Unless you want your parents to hear all about it before your girl even has time to piss on the stick.

Jenny wraps her arms around her waist with trembling hands. As scared shitless as I am, I know it’s nothing compared to what she’s feeling. And that’s on me. I did this—my eagerness, my horniness. Fucking stupidity.

People can say what they want about feminism and equality and that’s all fine and good. But I was raised on the idea that men are protectors. Where the buck stops. The ones who go down with the ship. So the fact that my girl is in trouble is no one’s fault but mine.

Hey, c’mere. I pull her small body against my chest, holding her tight. It’s gonna be okay. Everything’s gonna be all right.

Her shoulders shake as she weeps. I’m so sorry, Stanton.

I met Jenny Monroe in the first grade. I put a toad in her backpack because my brother dared me to. For two months she shot spitballs at the back of my head in retribution. In third grade I thought I was in love with her—by sixth grade I was sure of it. She was beautiful, funny, and she could throw a football better than any girl—and half the boys—I knew. We broke up in eighth grade when Tara-Mae Forrester offered to let me touch her boobs.

And I did.

We got back together that next summer, when I won her a bear at the county fair.

She’s more than just my first kiss—my first everything. Jenny’s my best friend. And I’m hers.

I rear back so I can look into her eyes. I touch her face and stroke her silky blond hair. You’ve got nothing to be sorry for. You didn’t do this by yourself. I wiggle my eyebrows and grin. I was there too, remember?

That makes her laugh. She swipes a finger under both eyes. Yeah, it was a good night.

I cup her cheek. Sure was.

It wasn’t our first time—or our tenth—but it was one of the best. The kind of night you never forget—a full moon and a flannel blanket. Just a few feet from where we are right now—next to the river with a six-pack of beer kicked and music floating out of the open windows of my pickup. It was all soft kisses, hot whispers, sweaty bodies, and grasping hands. Joined so deep I couldn’t tell where I ended and she began. Pleasure so intense I wanted it to last forever—and prayed out loud that it would.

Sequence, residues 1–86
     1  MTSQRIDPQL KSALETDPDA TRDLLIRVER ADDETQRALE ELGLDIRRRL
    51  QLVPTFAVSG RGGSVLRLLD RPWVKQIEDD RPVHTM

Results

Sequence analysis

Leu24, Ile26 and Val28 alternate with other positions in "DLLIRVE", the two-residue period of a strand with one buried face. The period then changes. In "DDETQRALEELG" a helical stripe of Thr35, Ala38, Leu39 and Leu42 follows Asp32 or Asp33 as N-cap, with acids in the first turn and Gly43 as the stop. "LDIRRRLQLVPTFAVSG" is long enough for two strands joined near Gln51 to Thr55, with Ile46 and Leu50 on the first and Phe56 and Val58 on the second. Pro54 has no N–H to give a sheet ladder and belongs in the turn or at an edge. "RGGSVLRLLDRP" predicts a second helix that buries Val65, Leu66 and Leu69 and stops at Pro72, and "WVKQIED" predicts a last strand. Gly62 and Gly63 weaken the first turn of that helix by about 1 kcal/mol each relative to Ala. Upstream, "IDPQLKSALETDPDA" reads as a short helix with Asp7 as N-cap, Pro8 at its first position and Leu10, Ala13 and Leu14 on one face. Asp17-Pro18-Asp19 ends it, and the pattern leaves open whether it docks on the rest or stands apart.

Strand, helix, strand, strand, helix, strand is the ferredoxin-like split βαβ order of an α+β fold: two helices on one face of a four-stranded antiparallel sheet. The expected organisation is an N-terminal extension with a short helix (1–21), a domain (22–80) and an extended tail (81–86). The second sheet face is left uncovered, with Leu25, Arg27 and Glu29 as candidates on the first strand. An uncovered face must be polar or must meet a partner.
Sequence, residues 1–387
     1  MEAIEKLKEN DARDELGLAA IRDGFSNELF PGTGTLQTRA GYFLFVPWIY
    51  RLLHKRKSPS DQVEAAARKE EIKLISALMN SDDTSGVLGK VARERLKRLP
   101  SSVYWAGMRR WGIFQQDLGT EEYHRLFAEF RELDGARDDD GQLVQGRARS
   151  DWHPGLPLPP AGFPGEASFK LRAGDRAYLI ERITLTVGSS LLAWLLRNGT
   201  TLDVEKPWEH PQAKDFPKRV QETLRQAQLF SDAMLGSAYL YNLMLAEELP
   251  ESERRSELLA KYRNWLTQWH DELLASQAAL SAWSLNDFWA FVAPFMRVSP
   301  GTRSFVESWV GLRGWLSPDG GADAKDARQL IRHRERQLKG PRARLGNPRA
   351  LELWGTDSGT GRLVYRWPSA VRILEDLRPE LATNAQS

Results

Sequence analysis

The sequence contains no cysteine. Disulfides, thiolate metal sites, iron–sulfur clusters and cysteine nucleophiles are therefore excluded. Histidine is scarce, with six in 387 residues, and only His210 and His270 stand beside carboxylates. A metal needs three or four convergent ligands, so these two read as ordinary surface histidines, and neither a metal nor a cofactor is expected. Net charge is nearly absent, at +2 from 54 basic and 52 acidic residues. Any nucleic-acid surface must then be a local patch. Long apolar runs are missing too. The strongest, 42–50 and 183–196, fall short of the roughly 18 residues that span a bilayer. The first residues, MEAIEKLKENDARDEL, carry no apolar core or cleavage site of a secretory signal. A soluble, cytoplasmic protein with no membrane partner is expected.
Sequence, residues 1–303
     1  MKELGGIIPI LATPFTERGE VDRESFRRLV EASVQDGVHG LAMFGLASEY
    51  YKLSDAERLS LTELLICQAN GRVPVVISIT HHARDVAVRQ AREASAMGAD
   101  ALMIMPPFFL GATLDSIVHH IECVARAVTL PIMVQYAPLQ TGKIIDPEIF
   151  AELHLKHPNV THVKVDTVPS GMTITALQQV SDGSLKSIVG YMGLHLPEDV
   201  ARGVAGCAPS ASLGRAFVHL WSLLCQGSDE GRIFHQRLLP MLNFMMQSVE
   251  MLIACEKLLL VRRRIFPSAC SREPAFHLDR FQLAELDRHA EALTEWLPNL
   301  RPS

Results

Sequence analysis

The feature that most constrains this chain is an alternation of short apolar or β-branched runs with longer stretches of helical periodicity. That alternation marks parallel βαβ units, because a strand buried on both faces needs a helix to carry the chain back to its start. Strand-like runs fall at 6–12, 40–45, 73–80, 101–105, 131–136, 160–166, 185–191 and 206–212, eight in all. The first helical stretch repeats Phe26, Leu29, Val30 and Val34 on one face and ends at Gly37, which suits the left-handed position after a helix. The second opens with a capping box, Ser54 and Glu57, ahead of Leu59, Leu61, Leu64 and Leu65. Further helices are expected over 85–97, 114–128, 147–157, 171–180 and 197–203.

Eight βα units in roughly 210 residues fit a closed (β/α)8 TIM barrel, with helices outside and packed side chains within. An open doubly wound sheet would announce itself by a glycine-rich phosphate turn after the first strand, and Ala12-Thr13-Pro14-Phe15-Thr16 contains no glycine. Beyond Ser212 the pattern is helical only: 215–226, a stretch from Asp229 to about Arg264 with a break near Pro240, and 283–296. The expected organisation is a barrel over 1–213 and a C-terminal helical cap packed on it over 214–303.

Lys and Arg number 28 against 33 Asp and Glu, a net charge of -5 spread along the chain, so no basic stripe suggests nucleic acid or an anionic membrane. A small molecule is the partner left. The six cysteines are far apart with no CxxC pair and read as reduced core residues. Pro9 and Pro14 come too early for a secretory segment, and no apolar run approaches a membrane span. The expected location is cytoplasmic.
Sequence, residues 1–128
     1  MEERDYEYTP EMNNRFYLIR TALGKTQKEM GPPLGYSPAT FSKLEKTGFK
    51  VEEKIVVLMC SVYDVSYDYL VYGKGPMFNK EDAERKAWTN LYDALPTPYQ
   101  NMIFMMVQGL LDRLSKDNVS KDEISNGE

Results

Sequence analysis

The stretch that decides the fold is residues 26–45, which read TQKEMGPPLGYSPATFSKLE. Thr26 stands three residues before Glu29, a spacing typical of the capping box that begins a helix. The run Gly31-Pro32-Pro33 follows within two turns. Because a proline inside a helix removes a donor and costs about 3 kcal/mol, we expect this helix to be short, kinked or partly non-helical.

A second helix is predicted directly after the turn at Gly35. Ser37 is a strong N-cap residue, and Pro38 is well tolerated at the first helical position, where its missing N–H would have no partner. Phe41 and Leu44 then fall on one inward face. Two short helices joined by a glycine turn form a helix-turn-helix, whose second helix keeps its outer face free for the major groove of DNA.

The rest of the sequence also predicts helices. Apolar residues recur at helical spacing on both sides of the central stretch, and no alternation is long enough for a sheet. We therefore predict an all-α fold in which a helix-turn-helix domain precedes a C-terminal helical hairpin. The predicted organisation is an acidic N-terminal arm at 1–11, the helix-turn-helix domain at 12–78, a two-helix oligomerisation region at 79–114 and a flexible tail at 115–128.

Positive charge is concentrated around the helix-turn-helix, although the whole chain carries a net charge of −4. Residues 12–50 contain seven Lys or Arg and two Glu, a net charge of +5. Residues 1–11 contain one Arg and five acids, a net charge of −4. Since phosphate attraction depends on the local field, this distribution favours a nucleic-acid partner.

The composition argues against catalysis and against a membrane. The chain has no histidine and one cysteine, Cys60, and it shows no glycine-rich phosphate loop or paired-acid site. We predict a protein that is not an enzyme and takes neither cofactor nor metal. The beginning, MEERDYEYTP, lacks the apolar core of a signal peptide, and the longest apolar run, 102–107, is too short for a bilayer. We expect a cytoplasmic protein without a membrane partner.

We would’ve thought about it—tried to relive it—years from now, even if we weren’t having a baby to commemorate it.

A baby.

Fuck me. As the reality truly starts to set in, my stomach drops all the way to China.

Like a mind reader, Jenny asks, What are we gonna do?

My father always told me being scared was nothing to be ashamed of. It was how you reacted to that fear that mattered. Cowards run. Men step up.

And I’m no coward.

I swallow roughly, and all my aspirations, hopes, and plans for leaving this town get swallowed too. I look out over the river, watching the sun sparkle off the water, and make the only choice I can.

We’re gettin’ married. We’ll stay with my parents at first. I’ll work on the farm, go to night school—we’ll save up. You’ll have to put off nursin’ school for a little while. Eventually we’ll get our own place. I’ll take care of you. I put my hand on her still-flat stomach. Both of you.

Her reaction isn’t what I imagine.

Jenny steps back out of my arms, eyes wide and head shaking. What? No! No, you’re supposed to leave for New York right after graduation.

I know.

You gave up your Ole Miss football scholarship to go to Columbia. It’s Ivy League.

I shake my head. And lie.

Jenn, none of that matters now.

There’s not a single guy in this town who wouldn’t give his eye teeth to play ball at Ole Miss . . . but not me. I’ve always wanted different—bigger, brighter, farther.

Jenny’s flip-flopped feet kick up sand as she paces on the riverbank. Her white sundress flares as she turns a final time to me, finger pointing. You’re goin’ and that’s all there is to it. Just like we planned. Nothin’s changed.